Ambitious Birthday plans
Gonzo Theatre’s production is sharp and committed but can’t match the scale of its ambition
The Birthday Man
Black Box, Smock Alley Theatre
The Birthday Man is an incredibly ambitious undertaking, not just in its reach – which encompasses a century of social, political and economic change – but in its aesthetic, which combines realist, expressionist and digital devices and demands that its cast of seven play more than 20 roles.
Writer Philip Doherty cannily gives the audience three narrative anchor points: the birth of the play’s protagonist, Oisin, in Dublin in 1913; London in the 1980s at the height of the IRA’s terrorist campaigns; and the present day, where the 100-year-old Oisin is being looked after by resentful grandchildren who are just waiting for their inheritance.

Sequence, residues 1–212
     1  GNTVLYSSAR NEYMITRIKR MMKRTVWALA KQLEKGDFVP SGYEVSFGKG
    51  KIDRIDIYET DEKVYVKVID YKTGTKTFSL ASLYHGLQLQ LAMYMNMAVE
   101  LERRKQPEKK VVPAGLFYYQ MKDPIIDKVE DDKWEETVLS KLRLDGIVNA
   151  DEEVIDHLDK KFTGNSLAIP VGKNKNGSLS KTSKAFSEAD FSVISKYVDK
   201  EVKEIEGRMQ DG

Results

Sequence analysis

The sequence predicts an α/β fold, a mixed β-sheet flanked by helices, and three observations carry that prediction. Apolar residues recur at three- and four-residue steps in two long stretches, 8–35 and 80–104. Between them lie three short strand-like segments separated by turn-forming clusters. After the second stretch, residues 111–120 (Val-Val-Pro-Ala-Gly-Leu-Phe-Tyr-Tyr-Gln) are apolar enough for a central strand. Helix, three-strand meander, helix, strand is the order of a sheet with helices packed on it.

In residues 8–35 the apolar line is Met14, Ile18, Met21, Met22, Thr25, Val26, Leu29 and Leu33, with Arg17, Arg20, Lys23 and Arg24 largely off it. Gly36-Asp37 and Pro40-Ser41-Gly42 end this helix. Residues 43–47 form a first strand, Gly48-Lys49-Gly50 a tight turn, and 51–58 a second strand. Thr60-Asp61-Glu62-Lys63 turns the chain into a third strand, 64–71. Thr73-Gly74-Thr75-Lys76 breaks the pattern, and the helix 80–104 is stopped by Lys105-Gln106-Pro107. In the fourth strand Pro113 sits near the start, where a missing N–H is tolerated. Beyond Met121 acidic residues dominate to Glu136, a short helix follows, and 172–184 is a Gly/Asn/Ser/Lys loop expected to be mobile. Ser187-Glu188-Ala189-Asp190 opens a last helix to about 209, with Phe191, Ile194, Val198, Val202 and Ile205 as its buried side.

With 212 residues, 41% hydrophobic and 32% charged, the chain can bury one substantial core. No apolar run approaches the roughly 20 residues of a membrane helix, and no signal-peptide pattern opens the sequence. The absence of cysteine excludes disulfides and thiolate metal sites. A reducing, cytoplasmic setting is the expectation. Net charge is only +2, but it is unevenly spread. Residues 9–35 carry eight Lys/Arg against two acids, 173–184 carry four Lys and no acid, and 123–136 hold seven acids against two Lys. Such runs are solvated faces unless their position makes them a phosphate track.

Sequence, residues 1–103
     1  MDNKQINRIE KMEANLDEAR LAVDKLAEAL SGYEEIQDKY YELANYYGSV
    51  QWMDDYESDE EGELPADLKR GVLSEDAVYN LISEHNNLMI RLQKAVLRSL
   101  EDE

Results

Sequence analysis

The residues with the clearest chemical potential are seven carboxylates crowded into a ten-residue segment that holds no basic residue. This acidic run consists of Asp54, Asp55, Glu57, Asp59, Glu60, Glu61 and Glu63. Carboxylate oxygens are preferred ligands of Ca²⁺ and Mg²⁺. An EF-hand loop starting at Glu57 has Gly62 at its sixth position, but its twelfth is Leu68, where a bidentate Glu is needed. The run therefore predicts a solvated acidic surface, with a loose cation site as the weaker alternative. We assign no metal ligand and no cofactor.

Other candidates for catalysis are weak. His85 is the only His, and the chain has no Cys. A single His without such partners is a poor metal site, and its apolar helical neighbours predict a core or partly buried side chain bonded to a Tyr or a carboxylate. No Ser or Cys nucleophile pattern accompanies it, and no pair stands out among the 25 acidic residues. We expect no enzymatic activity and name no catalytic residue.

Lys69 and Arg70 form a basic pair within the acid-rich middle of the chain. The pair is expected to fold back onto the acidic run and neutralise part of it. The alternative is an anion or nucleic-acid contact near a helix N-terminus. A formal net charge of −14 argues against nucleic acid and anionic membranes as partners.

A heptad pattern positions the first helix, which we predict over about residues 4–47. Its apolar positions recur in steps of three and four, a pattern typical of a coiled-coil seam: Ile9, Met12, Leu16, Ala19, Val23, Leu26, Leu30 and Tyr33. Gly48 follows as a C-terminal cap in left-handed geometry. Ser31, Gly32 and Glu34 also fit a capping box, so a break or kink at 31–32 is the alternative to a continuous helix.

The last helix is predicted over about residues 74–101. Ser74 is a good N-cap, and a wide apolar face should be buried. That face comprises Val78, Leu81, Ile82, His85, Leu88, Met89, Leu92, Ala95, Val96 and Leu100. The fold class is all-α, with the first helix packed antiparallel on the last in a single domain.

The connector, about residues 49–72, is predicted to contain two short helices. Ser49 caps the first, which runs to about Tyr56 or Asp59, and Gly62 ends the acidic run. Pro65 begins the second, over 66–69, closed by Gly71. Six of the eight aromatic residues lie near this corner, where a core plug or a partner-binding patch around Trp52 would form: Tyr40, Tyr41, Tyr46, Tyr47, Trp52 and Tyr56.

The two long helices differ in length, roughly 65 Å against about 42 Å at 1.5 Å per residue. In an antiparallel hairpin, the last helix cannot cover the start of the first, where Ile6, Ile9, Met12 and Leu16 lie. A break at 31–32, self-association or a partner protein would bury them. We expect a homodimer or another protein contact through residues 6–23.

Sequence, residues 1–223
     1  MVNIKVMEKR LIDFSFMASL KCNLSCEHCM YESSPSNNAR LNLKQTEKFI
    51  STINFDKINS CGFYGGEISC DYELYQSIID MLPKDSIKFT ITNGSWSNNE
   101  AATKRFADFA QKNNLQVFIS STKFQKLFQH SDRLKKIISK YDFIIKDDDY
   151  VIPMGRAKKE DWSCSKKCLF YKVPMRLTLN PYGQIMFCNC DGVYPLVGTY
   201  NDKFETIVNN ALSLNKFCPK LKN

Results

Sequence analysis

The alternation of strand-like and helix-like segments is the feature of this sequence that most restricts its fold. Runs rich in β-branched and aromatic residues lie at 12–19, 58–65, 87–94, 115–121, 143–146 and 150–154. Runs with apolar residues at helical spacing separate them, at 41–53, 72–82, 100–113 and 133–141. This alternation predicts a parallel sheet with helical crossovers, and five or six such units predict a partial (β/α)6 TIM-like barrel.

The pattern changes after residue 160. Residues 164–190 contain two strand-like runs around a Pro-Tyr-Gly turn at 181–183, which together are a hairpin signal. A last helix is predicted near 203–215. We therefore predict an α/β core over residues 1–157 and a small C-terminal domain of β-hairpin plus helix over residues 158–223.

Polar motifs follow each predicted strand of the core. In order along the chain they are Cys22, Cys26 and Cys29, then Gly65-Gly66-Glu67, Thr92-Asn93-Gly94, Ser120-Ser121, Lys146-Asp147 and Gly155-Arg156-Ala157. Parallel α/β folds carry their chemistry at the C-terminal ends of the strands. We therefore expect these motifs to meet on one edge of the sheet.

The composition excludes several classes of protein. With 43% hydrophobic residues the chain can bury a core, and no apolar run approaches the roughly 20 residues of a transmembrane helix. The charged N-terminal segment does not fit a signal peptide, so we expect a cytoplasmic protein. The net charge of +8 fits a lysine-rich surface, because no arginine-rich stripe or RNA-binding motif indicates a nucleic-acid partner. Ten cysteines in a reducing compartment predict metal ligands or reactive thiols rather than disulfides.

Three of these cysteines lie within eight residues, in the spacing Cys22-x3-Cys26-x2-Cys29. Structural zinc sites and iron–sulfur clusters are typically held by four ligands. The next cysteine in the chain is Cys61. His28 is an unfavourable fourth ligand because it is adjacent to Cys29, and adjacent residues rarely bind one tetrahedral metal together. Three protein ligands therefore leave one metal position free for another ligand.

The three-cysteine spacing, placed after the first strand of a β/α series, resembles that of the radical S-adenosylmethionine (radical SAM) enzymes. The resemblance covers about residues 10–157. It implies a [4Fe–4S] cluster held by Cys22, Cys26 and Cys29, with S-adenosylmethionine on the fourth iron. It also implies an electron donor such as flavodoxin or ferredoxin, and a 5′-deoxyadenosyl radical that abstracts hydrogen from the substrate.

It is this contemporary frame that is the least successful element of The Birthday Man, which pulls the play’s politics towards the polemic; the historical resonances of the 1913 Lockout amid contemporary apathy need no elucidation. The close proximity of the audience to the action, meanwhile, denies the production the epic quality its subject matter and style demands.
However, this is a sharp piece of writing and a committed production. With some sharper focus and better resources, this Gonzo Theatre production might go further.
Until Sept 15